Approximately 60 seconds into the jubilation over my acceptance to the prestigious Harvard Macy Institute Course for Educators in the Health Professions, I came to the stark realization that I would now need to develop a scholarly project at my own institution. Though somewhat daunting as a junior faculty member at a very young medical school, this presented an exciting opportunity to gain more knowledge and experience in medical education.
Ideally, my project would have something to do with a program in which I was already involved and where I wanted to try something new. As such, I immediately thought of one of my existing roles in our curriculum—to develop the primary care longitudinal preceptorship that runs across our entire third year (think Family Medicine Clerkship within a Longitudinal Integrated Clerkship). I began to flesh out a few ideas about enhancing continuity across 3 years of training and what this could mean for the students involved but had much to learn.
Fast forward to January 2015. As I sat with my fellow HMI scholars, panic set in as I thought about the reality of conducting my proposed project. My school has very few educational researchers who could help me develop this project and very limited financial resources to allocate to such a study. It quickly became clear that what I was proposing would produce only a small sample size to study. In reviewing the literature on longitudinal clerkships, I wondered what I could add to this existing work, as there is already strong support for continuity in clinical teaching.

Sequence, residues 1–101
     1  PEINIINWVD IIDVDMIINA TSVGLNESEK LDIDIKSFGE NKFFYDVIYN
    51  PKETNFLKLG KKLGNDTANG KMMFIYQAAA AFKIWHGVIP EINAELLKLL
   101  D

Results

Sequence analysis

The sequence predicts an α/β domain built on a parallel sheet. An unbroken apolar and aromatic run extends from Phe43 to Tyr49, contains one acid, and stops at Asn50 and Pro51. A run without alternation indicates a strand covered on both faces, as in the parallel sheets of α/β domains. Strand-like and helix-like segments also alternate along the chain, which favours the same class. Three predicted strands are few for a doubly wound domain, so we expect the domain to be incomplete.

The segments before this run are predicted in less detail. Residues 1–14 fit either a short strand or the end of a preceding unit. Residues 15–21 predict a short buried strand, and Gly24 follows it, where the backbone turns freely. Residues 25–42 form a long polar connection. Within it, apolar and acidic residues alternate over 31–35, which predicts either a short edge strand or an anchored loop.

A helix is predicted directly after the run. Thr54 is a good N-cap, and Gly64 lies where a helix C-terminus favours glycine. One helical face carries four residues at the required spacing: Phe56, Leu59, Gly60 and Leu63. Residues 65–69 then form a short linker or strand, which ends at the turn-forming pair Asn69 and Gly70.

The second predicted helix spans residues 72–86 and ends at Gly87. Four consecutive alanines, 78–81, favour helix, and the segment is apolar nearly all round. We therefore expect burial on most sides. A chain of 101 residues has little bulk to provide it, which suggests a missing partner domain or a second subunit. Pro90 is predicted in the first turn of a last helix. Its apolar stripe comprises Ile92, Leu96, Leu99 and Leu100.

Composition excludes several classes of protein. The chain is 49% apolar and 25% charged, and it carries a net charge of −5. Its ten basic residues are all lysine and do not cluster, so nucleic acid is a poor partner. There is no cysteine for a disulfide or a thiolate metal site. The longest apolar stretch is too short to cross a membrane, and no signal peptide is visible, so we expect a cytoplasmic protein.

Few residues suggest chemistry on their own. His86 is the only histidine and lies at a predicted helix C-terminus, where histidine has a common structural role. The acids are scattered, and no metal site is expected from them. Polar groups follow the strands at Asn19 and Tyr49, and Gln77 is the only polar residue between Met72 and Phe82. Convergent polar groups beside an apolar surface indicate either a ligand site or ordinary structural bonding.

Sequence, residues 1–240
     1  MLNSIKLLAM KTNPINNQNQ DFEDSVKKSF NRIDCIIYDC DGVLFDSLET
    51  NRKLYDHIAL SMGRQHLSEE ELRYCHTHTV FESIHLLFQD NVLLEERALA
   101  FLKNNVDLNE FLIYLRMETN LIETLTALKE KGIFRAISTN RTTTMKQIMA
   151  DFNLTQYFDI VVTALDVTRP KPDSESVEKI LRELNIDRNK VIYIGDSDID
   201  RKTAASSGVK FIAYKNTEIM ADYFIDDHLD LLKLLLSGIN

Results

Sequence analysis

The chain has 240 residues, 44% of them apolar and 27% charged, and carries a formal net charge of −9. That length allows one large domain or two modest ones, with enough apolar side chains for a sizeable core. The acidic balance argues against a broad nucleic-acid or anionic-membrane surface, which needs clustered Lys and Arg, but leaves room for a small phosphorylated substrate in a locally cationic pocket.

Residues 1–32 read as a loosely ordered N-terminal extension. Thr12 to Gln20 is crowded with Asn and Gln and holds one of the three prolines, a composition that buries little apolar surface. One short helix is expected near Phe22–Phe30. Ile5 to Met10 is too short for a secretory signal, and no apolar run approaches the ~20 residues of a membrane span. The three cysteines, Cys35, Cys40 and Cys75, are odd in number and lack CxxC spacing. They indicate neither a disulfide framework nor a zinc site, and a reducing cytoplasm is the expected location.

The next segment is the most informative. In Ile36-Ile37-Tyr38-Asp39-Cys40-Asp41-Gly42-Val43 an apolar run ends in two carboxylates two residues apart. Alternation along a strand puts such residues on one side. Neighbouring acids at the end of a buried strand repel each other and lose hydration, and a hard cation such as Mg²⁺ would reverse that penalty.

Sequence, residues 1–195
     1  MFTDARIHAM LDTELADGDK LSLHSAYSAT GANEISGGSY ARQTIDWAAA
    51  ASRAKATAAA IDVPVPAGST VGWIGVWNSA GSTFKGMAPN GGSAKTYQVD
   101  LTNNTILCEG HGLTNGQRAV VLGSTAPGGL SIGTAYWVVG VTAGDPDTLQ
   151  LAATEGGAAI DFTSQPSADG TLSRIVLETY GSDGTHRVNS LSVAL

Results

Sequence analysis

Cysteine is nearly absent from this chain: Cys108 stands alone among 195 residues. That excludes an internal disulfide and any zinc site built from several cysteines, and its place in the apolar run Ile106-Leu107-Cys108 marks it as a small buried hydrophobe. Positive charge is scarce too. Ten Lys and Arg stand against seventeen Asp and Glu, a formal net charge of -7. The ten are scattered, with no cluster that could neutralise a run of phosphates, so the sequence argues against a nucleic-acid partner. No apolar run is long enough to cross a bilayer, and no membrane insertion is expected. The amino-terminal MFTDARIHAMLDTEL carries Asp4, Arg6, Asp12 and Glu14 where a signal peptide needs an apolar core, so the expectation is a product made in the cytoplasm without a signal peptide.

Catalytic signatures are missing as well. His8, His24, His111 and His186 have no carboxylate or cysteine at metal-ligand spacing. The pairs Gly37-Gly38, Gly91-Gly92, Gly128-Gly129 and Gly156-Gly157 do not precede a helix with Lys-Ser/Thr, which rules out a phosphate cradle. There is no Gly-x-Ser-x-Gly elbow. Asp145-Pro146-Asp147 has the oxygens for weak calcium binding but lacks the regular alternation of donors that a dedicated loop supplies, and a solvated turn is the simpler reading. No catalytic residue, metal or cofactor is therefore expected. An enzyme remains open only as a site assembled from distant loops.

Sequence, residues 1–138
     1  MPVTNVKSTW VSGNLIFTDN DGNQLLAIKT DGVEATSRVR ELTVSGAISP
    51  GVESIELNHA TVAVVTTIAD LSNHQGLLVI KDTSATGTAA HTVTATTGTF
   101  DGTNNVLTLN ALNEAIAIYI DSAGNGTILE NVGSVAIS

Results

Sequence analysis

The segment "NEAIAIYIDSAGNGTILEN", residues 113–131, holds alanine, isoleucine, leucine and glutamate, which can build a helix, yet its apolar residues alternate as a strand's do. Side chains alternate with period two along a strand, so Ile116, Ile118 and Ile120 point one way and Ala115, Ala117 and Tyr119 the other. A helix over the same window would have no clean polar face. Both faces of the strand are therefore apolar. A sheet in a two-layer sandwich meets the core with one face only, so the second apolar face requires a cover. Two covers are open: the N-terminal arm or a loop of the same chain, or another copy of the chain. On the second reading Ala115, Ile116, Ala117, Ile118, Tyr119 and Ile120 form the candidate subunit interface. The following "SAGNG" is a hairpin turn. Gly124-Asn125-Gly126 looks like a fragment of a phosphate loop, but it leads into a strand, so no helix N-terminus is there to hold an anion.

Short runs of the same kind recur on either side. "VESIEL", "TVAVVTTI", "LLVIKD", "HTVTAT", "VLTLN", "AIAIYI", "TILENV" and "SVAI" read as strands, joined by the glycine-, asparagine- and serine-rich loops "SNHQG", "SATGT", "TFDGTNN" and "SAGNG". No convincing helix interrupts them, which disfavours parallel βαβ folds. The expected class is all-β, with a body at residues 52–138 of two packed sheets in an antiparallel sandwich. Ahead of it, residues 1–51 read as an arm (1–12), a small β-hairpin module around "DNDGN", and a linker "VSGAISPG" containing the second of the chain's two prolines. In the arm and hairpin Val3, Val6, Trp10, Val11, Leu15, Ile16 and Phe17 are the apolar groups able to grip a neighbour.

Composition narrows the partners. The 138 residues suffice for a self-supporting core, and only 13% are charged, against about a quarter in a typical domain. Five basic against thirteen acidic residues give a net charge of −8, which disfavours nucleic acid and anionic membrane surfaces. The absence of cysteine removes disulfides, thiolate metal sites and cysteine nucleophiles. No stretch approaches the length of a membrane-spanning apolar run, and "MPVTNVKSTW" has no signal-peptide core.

As I met with the expert faculty at the HMI, I asked how I could reframe this project into something more meaningful and feasible for me. What they quickly helped me understand is that I was interested in “how” and “why” this experience would be different for the students who participated. As I considered various research methods, I determined that a qualitative approach would be the most appropriate to meeting my goals.
Stepping a bit out of my comfort zone, I began to explore what pursuing a qualitative project would involve. I am biased toward data and quantifiable comparisons, and qualitative research seemed so different; I really needed to look for additional sources of information. I started with the literature, reviewing articles about qualitative techniques and examples of qualitative studies. As I learned about grounded theory for developing new theories, phenomenology for analyzing how individuals perceive particular experiences, and ethnography to study cultures, I realized there was potential for me to take a scholarly approach to the project that I wanted to develop.
The more I learned about qualitative research, the more I realized that there are great opportunities for someone like me in this field. While it requires a rigorous and methodological approach, it lends itself well to medical education research.
It provides an opportunity to fill in gaps where there are theories developing and can be especially useful in evaluating informal learning, the unintended consequences of curriculum changes and domains of medical education that are difficult to measure quantitatively—like professionalism. I realized that these were areas I was interested in pursuing and that even with limited experience, limited resources, and limited research infrastructure, I could answer “why” and “how” the experience for students is different with enhanced continuity.
I am still uncovering the nuances of performing qualitative research. When I learned that the Harvard Macy Institute was offering an optional 1-day course focusing on qualitative research methods, I quickly signed up and began to think more seriously about my project.
Now I am learning as I am doing and figuring out each step in the process. I have recruited a great partner/mentor from my home institution, an experienced qualitative researcher from our College of Education’s Department of Assessment and Evaluation. (Stay tuned for the outcome!)
In the meantime, I encourage fellow junior faculty to think about whether there are questions you would like to pursue that would be better served through a qualitative approach. I think we will see a lot more of this approach in our medical education literature in the future!